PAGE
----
Studying on Saturdays



One of the challenging things about the past month has been finding my own routine. During the week, it's been pretty easy: get up, get dressed, eat breakfast and head out to the library for the day, taking breaks for meals, classes and lectures. But at the weekend, I like to do something different. My theory is that if you work hard enough during the week, you can afford to take the weekend a bit slower - just how it is meant to be, really.

So, how does that translate for me? 

I usually end up working for part of Saturday, and then head out in the evening to the college bar or to a play at the local theatre.  One good thing is that every weekend has been different so far; I had my mum to stay last weekend, and we watched the fireworks together; but I've also spent one Saturday evening in my pyjamas watching Miss Congeniality, mug of hot chocolate in hand.

One way to make Saturdays feel a bit different is to spend some time in town. I tend to go into town as soon as I wake up in order to avoid the tourists, taking my laptop with me so that I can work over a coffee. I head back to college at around midday, stopping via Sainsbury's or the local market to stock up on fruit and vegetables for the week.

Here's the list of where I've been to so far: 

Marks and Spencers' Café
M+S doesn't win any points for atmosphere, but their maple-pecan plaits are delicious, as are their almond croissants.  It's on the first floor, so is removed from the hustle and bustle of the streets down below, and you can watch the goings-on in Market Square from the window. If you go in the morning it will be relatively quiet, apart from a few elderly couples, so you're sure to get a seat. It's relatively big, too, which means you can stay there for a few hours without being asked to move on. 


Indigo Coffee Shop
This is perhaps one of the tiniest café's I've ever been to, and one of the cutest. It's definitely more of a place to visit with friends, though; I've heard talk of a "no-laptops" policy, and to be honest, there's not very much room at all inside. Food and drink is reasonably priced; they sell many varieties of pukka tea, and a "dirty chai" latte - chai latte with a shot of coffee, on my list of 'drinks to try'. You can have panini, toasties and soup here, as well as cake or little cubes of brownies. The lack of background music and the proximity of tables to each other means that conversation travels quite easily, though, it's not the best place to go to if you get distracted by others. 

Fitzbillies'
I'll admit that I didn't try to study here; I went here for breakfast with Mum, and then for coffee and Chelsea bun with my college family. Fitzbillies is a Cambridge institution, and it lives up to that reputation, filling up immediately almost as soon as it opens - on Saturday mornings, anyway. Food and drink is priced to reflect this, though a Chelsea Bun to take away will only set you back two pounds or so. 

Stickybeaks Café
I have fond memories of visiting Stickybeaks when I went to Cambridge last December for my interview, and I decided to relive the experience a few Saturdays ago, taking my half-finished French essay and hungry stomach with me. My cappuccino was light and sweet (not in a sugary way, but in a non-bitter way); my almond swirl, though tasty, was a bit dry. It's not quite as small as Indigo, but isn't big either, so it could be a push to find a seat, particularly on Saturdays. I also made the mistake of sitting in the window and ended up getting distracted by all the people walking past. I've heard it's good for lunch, though, so I may pay another trip.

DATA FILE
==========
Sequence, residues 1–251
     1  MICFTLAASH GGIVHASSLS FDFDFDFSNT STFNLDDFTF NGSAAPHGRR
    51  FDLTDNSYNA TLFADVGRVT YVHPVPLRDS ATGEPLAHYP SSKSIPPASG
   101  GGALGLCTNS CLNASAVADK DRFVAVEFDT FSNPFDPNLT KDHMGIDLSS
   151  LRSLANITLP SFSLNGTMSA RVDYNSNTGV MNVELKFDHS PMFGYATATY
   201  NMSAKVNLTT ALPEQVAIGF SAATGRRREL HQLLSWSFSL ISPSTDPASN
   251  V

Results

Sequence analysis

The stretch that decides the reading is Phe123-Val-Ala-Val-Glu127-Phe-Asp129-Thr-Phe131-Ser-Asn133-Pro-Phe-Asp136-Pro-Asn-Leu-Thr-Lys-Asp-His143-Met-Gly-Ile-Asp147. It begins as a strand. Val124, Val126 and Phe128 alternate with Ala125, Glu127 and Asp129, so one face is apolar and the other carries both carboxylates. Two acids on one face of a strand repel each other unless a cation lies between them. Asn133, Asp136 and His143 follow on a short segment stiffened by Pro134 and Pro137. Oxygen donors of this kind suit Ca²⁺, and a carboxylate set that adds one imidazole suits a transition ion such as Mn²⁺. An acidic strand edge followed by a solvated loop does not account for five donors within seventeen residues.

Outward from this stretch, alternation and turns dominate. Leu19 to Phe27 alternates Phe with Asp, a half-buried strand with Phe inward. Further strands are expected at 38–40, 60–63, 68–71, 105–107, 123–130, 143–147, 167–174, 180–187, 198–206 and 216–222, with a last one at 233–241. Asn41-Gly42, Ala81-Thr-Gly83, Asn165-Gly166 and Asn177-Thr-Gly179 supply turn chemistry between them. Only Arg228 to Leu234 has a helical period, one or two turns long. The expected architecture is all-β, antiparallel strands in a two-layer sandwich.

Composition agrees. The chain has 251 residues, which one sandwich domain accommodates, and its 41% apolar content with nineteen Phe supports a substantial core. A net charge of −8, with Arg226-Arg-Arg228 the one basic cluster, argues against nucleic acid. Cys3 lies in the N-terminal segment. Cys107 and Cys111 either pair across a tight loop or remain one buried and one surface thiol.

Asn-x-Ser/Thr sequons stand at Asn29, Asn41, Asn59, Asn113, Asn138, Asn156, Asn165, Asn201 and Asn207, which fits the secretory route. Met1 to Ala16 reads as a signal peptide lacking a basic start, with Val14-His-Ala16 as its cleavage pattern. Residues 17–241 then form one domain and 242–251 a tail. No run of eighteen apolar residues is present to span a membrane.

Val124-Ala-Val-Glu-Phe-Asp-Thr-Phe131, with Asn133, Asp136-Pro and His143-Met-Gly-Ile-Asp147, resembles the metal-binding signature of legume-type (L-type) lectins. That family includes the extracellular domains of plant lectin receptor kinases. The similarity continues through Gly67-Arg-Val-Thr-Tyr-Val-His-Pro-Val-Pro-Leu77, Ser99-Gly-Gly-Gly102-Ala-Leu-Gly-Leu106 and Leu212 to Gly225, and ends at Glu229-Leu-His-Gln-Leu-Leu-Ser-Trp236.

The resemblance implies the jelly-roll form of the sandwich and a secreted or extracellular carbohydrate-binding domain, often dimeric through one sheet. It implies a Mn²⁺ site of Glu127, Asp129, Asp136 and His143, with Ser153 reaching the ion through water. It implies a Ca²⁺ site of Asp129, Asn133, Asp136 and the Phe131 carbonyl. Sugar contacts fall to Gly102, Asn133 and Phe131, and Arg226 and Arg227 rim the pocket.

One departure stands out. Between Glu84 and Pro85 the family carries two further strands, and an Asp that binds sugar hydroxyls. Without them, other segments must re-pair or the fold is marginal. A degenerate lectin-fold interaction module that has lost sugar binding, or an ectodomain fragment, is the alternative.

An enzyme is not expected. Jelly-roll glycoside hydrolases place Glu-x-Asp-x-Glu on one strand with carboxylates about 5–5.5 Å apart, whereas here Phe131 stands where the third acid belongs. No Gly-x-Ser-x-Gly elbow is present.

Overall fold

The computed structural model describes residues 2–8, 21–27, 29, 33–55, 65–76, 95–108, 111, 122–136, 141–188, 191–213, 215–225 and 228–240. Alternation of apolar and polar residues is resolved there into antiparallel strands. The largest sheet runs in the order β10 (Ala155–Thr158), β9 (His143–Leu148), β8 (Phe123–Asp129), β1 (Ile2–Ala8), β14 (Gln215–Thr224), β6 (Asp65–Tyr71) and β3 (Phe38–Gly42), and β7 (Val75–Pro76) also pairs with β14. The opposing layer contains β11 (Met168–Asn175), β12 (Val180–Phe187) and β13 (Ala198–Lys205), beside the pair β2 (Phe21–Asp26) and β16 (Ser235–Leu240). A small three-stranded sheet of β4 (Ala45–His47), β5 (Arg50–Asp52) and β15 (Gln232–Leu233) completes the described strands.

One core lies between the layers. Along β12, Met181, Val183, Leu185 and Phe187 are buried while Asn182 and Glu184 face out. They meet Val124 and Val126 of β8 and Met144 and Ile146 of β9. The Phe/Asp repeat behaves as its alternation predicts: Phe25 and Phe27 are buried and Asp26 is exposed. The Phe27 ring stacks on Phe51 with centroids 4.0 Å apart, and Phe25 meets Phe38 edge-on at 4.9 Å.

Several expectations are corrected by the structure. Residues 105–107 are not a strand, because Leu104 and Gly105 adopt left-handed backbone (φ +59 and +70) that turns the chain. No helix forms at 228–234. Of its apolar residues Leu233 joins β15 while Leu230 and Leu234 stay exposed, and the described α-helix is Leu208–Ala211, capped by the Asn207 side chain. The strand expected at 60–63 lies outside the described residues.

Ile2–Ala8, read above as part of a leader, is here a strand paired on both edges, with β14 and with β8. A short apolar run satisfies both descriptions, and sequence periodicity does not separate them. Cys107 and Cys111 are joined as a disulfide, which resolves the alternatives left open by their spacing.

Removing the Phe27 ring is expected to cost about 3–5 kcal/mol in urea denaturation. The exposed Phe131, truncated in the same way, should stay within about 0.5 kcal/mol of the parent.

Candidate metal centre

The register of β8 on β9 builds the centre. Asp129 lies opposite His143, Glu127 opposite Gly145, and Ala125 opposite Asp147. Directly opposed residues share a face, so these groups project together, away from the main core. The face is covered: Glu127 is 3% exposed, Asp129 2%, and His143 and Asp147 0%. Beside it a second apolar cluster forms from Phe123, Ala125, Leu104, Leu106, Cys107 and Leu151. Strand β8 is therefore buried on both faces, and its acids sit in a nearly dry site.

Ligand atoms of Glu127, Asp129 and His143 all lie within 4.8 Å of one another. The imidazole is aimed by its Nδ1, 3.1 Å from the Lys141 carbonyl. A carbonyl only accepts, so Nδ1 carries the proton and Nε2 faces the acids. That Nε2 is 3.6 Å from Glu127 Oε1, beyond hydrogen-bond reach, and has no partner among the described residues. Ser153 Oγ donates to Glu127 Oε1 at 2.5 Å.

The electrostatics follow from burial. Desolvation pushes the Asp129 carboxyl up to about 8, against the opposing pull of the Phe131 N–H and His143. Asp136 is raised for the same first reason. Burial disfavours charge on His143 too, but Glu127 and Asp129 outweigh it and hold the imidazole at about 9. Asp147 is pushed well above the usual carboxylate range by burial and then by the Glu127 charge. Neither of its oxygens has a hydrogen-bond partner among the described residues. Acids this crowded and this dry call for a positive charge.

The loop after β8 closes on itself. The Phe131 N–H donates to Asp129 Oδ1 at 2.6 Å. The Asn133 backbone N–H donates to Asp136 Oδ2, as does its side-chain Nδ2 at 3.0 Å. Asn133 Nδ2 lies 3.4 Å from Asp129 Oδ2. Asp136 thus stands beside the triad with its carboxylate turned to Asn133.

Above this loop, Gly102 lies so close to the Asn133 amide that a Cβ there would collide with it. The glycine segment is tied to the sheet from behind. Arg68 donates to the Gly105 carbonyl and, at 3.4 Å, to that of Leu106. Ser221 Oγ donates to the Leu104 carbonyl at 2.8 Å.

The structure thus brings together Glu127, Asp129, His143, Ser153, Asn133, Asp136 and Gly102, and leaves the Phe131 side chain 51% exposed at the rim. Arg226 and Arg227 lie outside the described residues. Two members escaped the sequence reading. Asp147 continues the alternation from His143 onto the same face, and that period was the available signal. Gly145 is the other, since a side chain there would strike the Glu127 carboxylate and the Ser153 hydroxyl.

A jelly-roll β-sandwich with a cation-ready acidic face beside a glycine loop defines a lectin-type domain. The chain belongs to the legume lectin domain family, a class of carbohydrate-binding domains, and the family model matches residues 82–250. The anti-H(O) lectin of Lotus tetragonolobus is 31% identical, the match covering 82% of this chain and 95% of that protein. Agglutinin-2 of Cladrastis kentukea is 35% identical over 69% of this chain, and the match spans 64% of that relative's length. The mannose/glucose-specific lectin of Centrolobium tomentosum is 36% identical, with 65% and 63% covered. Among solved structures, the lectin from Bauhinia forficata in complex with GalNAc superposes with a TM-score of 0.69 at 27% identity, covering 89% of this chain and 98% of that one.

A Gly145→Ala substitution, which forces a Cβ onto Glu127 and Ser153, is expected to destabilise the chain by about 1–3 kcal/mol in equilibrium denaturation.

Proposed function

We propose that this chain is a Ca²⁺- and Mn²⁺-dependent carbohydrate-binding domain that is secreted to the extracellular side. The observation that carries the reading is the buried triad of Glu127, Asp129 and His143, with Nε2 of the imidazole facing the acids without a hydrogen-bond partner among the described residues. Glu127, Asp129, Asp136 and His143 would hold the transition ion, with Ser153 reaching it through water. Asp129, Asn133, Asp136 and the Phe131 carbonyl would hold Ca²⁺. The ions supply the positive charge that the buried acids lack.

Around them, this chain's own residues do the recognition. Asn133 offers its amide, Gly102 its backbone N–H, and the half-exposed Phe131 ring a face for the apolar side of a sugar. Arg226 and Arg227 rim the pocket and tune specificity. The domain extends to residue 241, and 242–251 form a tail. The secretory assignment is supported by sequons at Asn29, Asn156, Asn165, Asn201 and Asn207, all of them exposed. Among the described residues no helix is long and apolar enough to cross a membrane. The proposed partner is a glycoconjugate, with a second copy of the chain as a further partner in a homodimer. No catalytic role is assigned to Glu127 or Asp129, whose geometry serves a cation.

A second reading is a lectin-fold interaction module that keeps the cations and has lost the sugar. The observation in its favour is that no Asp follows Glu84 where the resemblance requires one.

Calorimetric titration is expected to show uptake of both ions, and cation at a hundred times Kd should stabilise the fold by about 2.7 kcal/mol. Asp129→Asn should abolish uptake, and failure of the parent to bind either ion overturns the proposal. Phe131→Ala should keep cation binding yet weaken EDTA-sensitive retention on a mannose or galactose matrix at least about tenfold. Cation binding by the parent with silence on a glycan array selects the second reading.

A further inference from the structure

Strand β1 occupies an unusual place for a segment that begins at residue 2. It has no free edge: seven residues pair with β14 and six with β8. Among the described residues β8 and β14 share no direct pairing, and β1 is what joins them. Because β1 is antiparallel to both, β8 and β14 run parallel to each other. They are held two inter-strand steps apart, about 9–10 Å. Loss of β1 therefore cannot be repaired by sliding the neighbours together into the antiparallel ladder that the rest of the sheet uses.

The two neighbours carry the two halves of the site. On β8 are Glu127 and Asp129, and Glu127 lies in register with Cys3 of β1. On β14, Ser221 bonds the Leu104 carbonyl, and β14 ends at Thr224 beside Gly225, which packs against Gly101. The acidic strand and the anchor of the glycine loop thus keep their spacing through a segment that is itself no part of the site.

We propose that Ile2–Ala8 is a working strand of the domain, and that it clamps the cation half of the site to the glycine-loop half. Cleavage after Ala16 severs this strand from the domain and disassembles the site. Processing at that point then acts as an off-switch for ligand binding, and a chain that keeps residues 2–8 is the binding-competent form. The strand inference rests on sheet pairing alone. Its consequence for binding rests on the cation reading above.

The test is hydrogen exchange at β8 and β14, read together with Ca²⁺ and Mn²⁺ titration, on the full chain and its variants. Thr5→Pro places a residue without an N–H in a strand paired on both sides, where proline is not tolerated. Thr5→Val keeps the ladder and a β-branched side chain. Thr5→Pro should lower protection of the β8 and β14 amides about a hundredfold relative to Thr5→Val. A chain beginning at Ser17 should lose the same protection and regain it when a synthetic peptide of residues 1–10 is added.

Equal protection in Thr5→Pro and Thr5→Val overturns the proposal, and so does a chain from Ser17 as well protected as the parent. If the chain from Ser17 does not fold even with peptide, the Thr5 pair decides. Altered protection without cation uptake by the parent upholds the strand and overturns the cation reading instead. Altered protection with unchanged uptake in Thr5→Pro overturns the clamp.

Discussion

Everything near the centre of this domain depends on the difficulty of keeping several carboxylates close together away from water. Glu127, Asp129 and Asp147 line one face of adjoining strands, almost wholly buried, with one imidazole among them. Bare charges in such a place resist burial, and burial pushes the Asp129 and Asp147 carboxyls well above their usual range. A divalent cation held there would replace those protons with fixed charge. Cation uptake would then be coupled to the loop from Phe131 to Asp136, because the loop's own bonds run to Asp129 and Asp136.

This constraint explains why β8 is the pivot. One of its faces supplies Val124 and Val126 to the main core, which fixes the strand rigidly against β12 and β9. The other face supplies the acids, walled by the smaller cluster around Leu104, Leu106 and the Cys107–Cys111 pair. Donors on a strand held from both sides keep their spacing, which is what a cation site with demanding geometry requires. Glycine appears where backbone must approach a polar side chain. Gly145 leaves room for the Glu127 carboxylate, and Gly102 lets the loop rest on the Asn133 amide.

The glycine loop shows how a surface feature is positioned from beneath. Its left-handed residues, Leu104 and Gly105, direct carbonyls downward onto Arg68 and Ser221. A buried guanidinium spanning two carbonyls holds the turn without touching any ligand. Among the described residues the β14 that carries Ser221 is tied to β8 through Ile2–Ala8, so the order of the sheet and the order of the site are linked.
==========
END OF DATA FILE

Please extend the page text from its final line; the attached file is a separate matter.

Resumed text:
Starbucks
I never, ever thought I'd be writing about Starbucks on this blog. In fact, I never thought I'd write anything complimentary about it at all. But I have to say, if you're looking for a quiet(-ish) place in which to work, with food and drink readily available, it's hard to beat. It was slightly busier than Marks and Spencers', but most of the customers primarily bought drinks to take away, so finding a quieter place to work was no problem. I didn't feel as if I needed to give my table up either. Their Earl Grey tea is light and refreshing, and their fruit toast filled a gap on a cold, rainy morning. 

Jamaica Blue
This café in the centre of the Lion Yard shopping centre is unusual in that you can't order at the till; you have to order from your table. This gives it a slightly more upmarket feel, but on the other hand it means that you can't see what you're ordering! I chose a blueberry scone, which came lavishly spread with lemon curd and cream - a real treat. I got a bit of a shock at the bill, though. I also had to wait for about ten minutes before anyone even came over to take my order, though that may be because I just chose the seat myself, rather than waiting to be taken to a table. It was busy on Saturday, and with the waiters/staff members about, I don't think you'd be able to stay here for too long. It would be a nice place to take a break from a shopping day, though.

So, what's the verdict? All of these places have their merits; and as much as I love the idea of supporting local businesses, the independent cafés are often small and very busy, so they're not the best place if you need to spend a few hours writing an essay. The cake and coffee quality may be better there, but if you're looking to prioritise your studies.... My advice is: save the independents like Indigo for a trip with friends, and don't be too disdainful of chains. Like me, you may find that they surprise you!

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